Many people reading the first volume of Egyptian Nobel laureate Naguib Mahfouz’s Cairo Trilogy may have wondered about the late-night absences of family patriarch al-Sayyid Ahmad Abdel-Gawad who spends a lot of time at musical entertainments while his long-suffering wife Amina waits for him patiently at home.
With the publication of British writer Raphael Cormack’s Midnight in Cairo: The Female Stars of Egypt’s Roaring Twenties, such questions may finally have been answered thanks to his reconstruction of Cairo’s early 20th-century entertainment scene. This was centred around the downtown district of Ezbekiyya, particularly Emad al-Din Street, and from the final decades of the 19th century onwards it became well-known for its clubs and music and theatre venues serving both domestic and foreign audiences.
It seems that Abdel-Gawad’s secret has finally been revealed, with Cormack explaining the background of songs like “Why Do You Torment Me,” “What Will We Know Tomorrow,” and “Pay Attention to What I’m Telling You,” all mentioned in Mahfouz’s novel along with their mostly female singers. “Any one of these songs was enough to bring his intoxication to the boil,” the narrator says of Abdel-Gawad, who has to cut down his visits to Ezbekiyya when it becomes full of Australian troops billeted in Cairo during the First World War.
The singers and actresses working in Cairo’s entertainment industry before and in the decades after the War are the focus of Cormack’s book, though he also considers audiences, perhaps made up in part by people like Abdel-Gawad, but probably also by large contingents of British soldiers and expatriate Europeans. There are also the financiers who put up the investments required, as the years wore on more and more important, particularly for films, and the various promoters and middlemen who stood behind the stars and managed their careers.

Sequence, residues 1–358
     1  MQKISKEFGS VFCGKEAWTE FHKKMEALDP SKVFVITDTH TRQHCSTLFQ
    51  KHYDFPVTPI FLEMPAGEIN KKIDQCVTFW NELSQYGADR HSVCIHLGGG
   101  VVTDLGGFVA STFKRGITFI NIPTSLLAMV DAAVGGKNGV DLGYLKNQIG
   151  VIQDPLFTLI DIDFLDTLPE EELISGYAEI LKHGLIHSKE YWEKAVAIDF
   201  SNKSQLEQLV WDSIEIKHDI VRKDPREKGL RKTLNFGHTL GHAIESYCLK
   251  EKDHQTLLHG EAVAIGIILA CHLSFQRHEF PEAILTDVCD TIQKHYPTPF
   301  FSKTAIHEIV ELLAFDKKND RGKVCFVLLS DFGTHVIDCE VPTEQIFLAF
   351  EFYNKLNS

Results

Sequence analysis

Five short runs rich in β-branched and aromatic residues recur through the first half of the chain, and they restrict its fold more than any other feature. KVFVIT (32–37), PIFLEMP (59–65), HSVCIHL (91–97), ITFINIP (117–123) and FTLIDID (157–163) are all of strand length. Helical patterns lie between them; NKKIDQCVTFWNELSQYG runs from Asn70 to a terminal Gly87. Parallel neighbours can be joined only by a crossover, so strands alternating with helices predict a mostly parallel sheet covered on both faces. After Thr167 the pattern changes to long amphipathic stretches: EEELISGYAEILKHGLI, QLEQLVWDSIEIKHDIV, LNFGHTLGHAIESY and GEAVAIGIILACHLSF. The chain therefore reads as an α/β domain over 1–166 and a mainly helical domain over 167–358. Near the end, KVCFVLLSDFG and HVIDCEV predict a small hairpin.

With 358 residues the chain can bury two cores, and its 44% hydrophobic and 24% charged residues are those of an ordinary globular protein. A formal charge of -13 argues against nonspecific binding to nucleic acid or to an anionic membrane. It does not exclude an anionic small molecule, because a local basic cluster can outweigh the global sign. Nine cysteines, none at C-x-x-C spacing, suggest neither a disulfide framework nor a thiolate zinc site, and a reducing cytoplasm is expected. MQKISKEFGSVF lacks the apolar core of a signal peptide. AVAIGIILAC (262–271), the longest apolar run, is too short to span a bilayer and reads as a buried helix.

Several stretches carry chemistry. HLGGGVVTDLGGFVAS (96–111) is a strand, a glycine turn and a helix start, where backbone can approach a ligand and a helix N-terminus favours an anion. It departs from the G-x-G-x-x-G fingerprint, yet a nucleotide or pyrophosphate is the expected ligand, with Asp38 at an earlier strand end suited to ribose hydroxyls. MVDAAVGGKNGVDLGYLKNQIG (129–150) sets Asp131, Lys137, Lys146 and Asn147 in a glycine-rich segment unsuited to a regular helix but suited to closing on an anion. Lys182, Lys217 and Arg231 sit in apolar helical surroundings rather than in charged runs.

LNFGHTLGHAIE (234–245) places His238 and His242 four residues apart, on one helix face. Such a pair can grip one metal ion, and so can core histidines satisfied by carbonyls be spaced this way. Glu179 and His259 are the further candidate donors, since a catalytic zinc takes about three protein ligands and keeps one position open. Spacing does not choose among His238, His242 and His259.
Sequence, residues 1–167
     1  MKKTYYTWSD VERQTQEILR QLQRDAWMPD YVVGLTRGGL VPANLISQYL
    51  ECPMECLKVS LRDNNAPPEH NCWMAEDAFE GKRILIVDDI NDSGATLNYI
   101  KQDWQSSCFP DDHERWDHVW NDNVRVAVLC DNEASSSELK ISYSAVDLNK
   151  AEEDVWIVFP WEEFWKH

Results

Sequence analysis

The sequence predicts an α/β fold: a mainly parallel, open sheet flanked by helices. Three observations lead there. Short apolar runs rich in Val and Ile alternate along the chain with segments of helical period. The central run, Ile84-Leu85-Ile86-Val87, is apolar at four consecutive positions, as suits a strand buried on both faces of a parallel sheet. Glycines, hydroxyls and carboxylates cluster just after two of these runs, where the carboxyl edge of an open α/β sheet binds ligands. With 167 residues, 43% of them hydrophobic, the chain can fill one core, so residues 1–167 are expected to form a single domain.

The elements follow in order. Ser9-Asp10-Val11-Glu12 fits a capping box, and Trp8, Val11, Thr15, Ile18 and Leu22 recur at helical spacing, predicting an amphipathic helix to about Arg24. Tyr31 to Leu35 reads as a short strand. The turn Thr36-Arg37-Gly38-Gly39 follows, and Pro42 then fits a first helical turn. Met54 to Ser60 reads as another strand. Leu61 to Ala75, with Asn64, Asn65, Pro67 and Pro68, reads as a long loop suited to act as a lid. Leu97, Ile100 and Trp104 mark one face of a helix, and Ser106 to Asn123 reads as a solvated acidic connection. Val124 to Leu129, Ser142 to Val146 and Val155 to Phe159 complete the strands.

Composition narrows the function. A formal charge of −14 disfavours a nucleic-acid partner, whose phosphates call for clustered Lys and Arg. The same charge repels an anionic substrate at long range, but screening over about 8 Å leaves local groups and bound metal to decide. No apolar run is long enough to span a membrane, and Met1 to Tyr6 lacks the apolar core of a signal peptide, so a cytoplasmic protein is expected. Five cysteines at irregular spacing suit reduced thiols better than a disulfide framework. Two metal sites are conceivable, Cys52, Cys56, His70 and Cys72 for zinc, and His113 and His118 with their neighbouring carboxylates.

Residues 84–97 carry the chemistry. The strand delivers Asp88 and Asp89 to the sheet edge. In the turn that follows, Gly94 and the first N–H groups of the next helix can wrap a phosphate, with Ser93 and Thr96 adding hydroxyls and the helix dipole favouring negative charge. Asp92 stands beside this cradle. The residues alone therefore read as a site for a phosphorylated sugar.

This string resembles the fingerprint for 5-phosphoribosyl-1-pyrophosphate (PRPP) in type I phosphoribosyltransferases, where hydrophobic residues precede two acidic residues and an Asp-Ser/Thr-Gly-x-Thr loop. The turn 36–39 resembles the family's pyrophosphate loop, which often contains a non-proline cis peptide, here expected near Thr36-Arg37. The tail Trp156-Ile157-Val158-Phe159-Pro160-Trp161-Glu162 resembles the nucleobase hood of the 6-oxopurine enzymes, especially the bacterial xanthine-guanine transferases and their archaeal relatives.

The first part of Cormack’s book looks at the transformation of a small group of music venues in Ezbekiyya in the 1890s, perhaps developing out of older performance traditions in street-side cafes, into the full-scale entertainment district of only a few decades later, with its music halls, theatres, and cabarets. Some performers who had perhaps previously only sought to make a modest living were transformed into highly paid celebrities familiar to millions through radio, film, and theatre magazines.
Cormack follows this transformation from early stars like Mounira al-Mahdiyya, apparently the first Egyptian Muslim woman to appear on stage, to later full-scale divas like the singer and actress Umm Kalthoum. His intention is to write the history of Cairene entertainment from the perspective of those who took part in it, chiefly the female singers and actresses who began to draw large audiences during and after the First World War. In so doing, he has made efficient use of Arabic source material, including the memoirs and biographies of many of those concerned.
The second part of his book runs through a selection of such stars, with chapters describing the careers of women like Rose al-Youssef, originally an actress but perhaps better known as the founder of the eponymous Cairo magazine, Fatma Rushdi, who graduated from actor and impresario Youssef Wahbi’s troupe to form a company of her own, and Badia Masabni, wife of actor and impresario Naguib al-Rihani and proprietress of Badia’s Casino in Cairo’s Opera Square.
The circumstances of the 1920s provided the context in which such women could thrive, Cormack says, adding that while many histories of Egyptian feminism focus on upper-class women such as Hoda Shaarawi, founder of the Egyptian Women’s Union in 1923, “another history of Egyptian feminism was being written on the stages of Cairo’s nightclubs, theatres, and cabarets.” This was one in which “female singers commanded large audiences; actresses were in high demand; women owned dance halls, wrote and directed films, and recorded hit songs.”
The entertainment industry offered new employment opportunities for women, making a handful of them stars. It was a space for and driver of women’s emancipation since it encouraged entry into the public sphere. “In the transgressive nightlife of central Cairo, with all the freedom that came with performing for an audience of strangers, rigid identities and conventional boundaries that separated different nationalities were more fluid than anywhere else,” Cormack says.